One thing we learned today, RIM co-CEO, Jim Ballsillie, won’t lose focus if he finally gets permission to buy an NHL franchise.
Dude has plenty of time to watch hockey now, now that RIM has somehow managed to *beat* wretched Wall Street expecations by being, well, a lot more wretched than anyone could have imagined. Just today, for example, we learned of RIM’s extremely close affiliation with each of these:
- Quarterly net loss
- “Substantial change”
- Write off inventory
- ASP plummeting
- Revenue plunging
- lack of accountability
- Three of top five executives out
- considering a number of options
- “no guarantee of success”
- “not conducive to the efficient operation of our business”
- “what makes a Blackberry a Blackberry”
I have been traveling throughout the day — and it’s been positively beautiful in America’s beautiful Middle West — so no doubt you’ve already seen the terrible numbers RIM offered us today. Likewise, you know how far how fast $RIMM has fallen.
Which is why, instead, I will focus on Microsoft. And Steve Ballmer. And Windows Phone.
Because RIM is the canary.
Yes, I’ve said a thousand times that ‘the smartphone is the computer’ and ‘the mobile web is the web’ and, yes, these *still* are not Microsoft strengths.
But, damn, how is it possible they are still at the starting bloc?
RIM makes Blackberry. Blackberry are good phones — good smartphones. I know of what I speak. They have great keyboards, solid design, good build quality, strong security, a large presence in the enterprise, millions of high-end customers, connections with every carrier that matters, a growing presence in Asia and South America.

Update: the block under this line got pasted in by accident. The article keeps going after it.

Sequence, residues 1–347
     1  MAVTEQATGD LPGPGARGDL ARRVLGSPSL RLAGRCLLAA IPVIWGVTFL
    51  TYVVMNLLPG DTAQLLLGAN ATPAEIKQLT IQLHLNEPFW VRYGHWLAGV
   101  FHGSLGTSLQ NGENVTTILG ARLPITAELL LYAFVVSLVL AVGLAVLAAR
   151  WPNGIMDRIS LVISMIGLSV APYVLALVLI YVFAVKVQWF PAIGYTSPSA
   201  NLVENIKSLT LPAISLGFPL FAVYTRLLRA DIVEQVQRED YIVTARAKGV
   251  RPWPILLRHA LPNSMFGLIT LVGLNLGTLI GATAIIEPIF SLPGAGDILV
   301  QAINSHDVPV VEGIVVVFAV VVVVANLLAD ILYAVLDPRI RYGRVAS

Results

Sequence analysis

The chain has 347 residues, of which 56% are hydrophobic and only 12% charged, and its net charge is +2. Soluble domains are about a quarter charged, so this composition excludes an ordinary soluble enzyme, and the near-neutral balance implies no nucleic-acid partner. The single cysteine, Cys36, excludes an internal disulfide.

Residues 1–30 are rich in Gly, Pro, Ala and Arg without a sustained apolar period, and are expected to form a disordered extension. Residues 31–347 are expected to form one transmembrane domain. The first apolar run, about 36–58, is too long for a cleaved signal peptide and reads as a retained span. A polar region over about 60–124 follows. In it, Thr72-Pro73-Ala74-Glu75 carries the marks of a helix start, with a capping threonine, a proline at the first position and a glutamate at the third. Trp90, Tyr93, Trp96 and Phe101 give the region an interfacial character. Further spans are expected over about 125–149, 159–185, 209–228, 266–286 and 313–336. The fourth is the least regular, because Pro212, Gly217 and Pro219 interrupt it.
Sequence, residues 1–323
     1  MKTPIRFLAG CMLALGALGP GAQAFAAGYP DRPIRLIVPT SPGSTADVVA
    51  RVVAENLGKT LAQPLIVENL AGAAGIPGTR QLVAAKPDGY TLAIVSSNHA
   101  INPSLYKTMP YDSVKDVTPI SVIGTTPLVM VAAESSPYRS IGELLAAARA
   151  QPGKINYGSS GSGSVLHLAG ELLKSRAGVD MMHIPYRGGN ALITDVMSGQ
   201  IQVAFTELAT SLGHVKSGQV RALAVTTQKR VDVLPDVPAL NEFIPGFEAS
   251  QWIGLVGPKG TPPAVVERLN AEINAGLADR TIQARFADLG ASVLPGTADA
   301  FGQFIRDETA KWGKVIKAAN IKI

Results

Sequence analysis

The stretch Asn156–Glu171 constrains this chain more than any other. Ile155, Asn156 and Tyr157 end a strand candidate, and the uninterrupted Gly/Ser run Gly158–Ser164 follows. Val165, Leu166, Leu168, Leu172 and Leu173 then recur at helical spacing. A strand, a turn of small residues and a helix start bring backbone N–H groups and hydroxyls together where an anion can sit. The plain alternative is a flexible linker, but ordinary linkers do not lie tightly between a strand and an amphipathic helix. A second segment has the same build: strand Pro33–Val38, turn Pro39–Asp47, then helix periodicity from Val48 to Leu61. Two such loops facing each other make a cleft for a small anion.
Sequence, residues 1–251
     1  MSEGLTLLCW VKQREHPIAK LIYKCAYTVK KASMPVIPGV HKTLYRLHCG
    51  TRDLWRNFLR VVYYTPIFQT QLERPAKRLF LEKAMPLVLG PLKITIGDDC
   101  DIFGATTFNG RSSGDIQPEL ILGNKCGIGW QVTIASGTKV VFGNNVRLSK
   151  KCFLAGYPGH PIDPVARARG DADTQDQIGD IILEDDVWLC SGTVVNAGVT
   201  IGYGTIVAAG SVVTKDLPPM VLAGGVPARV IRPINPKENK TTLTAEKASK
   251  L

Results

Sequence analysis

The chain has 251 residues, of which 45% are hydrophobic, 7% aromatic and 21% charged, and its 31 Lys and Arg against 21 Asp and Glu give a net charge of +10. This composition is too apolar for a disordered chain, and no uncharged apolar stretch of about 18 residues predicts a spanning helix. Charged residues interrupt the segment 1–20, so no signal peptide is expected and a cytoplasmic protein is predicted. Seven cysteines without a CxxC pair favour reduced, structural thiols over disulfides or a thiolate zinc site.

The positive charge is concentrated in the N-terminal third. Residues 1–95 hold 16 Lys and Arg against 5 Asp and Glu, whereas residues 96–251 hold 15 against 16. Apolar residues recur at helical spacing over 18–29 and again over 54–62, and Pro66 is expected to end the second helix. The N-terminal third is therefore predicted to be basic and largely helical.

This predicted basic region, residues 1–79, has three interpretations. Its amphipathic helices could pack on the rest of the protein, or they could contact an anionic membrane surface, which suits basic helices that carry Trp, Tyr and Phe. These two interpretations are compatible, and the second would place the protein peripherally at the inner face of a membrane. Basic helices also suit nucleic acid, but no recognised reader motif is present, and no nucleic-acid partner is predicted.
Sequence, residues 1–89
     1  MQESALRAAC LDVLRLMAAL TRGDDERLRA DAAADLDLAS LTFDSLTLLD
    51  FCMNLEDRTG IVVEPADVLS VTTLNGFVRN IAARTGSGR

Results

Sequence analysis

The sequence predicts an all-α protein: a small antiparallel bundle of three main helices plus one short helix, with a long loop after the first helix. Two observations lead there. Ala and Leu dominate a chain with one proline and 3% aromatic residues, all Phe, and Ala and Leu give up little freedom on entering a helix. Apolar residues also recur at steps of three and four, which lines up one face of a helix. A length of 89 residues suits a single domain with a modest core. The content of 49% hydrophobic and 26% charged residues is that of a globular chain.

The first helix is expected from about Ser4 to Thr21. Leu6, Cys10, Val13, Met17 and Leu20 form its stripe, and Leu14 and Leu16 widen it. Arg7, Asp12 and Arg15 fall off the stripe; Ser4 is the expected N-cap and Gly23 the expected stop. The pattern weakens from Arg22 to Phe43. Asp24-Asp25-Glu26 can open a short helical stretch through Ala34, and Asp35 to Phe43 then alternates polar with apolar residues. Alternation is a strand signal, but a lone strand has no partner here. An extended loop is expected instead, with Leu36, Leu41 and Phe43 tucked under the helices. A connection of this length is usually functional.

The RIM OS, the one that exists now, is well-made. Texting/messaging, email — these are probably best done on a Blackberry.
Want apps? They got apps.
A well-known brand name? Got it.
And they are dying.
Android and iPhone are killing them. How can we be a few days from Q2 2012 and there not be a *massive* Windows Phone presence at every carrier retail outlet? At every Best Buy or equivalent?
As I write this, I would not be surprised if there are 200 million total iPhones sold. Well over 125 million iPhone 4 and above.
Over 100 million iPads.
Over 300 million iOS devices. And growing fast.
iWork, which I do not like as much as Office, is available for these 300 million devices, for $30.
Any game, any app I want I can get right now. Any book or song or movie.
Is Microsoft so terribly insular, is Steve Ballmer so removed from what is actually happening, as to believe that Microsoft can just bully its way into this market? Do they still believe they are the Microsoft of old? And/or that Apple is the Apple of old?
I have high hopes for Windows Phone. Legitimate high hopes. Only, each day they delay fully blasting their way into this market, they fall further behind. At some point, even they will have to accept there is simply no possible way to catch up.
And if Microsoft is an also-ran in the smartphone wars, then they become an also-ran in personal computing. Because the smartphone is the (personal) computer. And this gets more truthful every day.